The Car and Truck Fleet and Leasing Management Magazine

IRS Announces 2006 Standard Mileage Rates

December 6, 2005

WASHINGTON, D.C. — The Internal Revenue Service has issued the 2006 optional standard mileage rates used to calculate the deductible costs of operating a vehicle for business, charitable, medical, or moving purposes. Beginning Jan. 1, 2006, the standard mileage rates for the use of a car, van, pickup, or panel truck will be:
  • 44.5 cents per mile for business miles driven.
  • 18 cents per mile driven for medical or moving purposes.
  • 14 cents per mile driven in service of charitable organizations, other than activities related to Hurricane Katrina relief.The new rate for business miles compares to a rate of 40.5 cents per mile for the first eight months of 2005. In September, the IRS made a special one-time adjustment for the last four months of 2005, raising the rate for business miles to 48.5 cents per mile in response to a sharp increase in gas prices, which topped $3 a gallon.The standard mileage rates for business, medical, and moving purposes are based on an annual study conducted by Runzheimer International of the fixed and variable costs of operating an automobile. The mileage rate for charitable miles is set by statute.For 2006, Katrina-related charitable rates will be 32 cents per mile for deduction purposes and 44.5 cents per mile for reimbursement purposes.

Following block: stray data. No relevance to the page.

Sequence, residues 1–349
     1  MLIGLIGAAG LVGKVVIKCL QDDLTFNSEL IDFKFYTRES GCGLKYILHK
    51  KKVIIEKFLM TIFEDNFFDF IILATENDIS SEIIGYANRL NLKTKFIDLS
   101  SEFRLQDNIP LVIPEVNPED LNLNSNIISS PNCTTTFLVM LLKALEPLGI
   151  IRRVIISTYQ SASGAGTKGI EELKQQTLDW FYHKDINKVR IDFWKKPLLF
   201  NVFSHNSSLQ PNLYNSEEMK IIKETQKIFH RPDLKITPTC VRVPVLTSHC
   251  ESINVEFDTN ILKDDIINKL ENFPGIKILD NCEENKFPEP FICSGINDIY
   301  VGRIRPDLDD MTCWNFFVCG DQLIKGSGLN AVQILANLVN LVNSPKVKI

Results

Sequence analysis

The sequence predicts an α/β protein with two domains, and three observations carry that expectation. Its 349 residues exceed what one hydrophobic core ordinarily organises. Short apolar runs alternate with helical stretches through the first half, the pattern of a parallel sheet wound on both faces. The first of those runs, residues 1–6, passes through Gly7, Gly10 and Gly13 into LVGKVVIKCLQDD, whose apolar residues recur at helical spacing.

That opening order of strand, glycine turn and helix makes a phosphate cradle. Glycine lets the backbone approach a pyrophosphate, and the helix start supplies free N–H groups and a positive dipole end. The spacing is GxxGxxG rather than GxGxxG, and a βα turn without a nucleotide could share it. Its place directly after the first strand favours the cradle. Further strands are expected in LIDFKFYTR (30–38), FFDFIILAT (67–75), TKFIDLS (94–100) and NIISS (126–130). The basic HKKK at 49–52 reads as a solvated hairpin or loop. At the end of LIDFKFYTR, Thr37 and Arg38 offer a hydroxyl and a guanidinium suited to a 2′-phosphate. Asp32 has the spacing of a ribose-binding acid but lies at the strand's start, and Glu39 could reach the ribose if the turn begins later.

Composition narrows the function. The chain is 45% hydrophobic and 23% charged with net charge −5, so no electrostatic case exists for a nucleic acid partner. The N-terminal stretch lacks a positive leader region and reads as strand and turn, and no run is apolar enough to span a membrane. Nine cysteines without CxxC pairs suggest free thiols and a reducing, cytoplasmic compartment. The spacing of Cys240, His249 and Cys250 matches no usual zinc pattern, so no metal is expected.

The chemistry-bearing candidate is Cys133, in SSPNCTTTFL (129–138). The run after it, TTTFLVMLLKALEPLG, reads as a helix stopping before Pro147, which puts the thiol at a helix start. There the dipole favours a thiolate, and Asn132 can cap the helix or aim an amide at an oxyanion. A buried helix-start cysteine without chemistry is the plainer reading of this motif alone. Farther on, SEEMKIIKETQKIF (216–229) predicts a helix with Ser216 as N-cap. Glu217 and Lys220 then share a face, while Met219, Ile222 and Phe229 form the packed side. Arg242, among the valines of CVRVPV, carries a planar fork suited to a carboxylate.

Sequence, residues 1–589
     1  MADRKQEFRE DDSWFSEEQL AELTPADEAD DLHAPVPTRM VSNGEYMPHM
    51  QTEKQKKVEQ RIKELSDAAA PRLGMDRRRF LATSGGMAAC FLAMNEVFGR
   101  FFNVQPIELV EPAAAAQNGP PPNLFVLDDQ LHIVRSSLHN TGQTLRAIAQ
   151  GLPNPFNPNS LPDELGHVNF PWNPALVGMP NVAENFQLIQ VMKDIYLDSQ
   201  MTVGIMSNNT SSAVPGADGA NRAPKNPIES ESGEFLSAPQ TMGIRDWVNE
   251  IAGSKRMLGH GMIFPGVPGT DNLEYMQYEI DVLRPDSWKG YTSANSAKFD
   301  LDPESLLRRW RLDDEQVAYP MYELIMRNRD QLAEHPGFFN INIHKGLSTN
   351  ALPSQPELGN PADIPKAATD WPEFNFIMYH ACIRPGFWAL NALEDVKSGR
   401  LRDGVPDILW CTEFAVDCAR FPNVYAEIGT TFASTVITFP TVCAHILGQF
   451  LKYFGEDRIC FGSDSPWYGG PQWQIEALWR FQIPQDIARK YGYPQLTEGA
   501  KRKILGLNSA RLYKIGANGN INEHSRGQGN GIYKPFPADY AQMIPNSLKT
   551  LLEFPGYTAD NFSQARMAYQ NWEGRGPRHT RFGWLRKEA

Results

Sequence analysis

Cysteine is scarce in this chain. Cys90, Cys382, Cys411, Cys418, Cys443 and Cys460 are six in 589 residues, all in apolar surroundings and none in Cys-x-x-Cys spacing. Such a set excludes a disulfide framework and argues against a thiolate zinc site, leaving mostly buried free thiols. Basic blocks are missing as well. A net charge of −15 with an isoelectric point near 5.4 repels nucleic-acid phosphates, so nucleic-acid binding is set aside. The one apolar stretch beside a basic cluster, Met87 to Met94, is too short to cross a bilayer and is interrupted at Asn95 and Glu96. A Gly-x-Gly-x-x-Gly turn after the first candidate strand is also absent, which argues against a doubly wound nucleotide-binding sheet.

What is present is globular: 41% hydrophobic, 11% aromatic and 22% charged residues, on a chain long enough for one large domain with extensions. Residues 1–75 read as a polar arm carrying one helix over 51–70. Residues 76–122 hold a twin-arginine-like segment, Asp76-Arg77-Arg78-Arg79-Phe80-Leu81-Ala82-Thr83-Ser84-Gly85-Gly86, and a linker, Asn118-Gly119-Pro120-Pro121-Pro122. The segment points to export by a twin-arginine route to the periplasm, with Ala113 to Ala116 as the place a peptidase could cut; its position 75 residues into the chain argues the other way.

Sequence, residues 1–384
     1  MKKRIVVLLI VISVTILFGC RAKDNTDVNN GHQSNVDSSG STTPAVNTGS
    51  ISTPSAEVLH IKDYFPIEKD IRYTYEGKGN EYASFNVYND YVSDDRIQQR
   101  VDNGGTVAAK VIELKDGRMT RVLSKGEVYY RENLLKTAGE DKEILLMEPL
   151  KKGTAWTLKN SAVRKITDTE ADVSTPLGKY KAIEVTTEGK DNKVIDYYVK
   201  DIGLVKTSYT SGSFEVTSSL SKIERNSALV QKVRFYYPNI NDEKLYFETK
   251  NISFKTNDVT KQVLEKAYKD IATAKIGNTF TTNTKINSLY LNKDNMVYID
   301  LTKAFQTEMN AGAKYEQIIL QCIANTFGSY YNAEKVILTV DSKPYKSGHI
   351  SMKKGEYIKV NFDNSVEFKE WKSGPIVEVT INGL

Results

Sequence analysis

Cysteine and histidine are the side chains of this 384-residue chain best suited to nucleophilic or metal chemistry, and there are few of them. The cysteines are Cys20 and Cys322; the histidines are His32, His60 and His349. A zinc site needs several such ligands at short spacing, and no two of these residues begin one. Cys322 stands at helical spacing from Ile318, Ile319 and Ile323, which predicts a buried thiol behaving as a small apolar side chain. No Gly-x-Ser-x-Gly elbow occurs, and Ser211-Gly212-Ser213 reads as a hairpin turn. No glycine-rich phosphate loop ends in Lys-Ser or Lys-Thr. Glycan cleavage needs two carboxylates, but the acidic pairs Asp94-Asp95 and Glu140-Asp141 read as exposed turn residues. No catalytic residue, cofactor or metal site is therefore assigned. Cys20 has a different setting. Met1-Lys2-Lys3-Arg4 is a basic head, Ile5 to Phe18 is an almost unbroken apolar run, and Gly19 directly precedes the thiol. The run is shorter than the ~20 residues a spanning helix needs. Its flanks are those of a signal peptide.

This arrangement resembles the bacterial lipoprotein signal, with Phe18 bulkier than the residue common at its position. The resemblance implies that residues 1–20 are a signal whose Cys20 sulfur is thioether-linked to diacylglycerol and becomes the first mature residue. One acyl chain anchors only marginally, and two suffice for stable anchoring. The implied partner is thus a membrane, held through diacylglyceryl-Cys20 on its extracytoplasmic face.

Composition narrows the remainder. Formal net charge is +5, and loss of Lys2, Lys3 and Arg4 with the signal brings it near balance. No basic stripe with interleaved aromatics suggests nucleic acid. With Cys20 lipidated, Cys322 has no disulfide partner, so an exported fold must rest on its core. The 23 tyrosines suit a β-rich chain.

• Twitter Facebook Google+


    Please note that comments may be moderated. 
    Leave this field empty:

    Fleet Incentives

    Determine the actual cost of owning and running a vehicle in your fleet. Compare vehicles by class and model.


    Fleet Tracking And Telematics

    Todd Ewing from Verizon Connect will answer your questions and challenges

    View All


    Fleet Management And Leasing

    Jack Firriolo from Merchants will answer your questions and challenges

    View All


    Fuel Management

    Bernie Kanavagh from WEX will answer your questions and challenges

    View All


    Sponsored by

    Ethanol is ethyl alcohol. It is used as a fuel when it is blended with gasoline, for example in E-85.

    Read more

    Up Next

    More From The World's Largest Fleet Publisher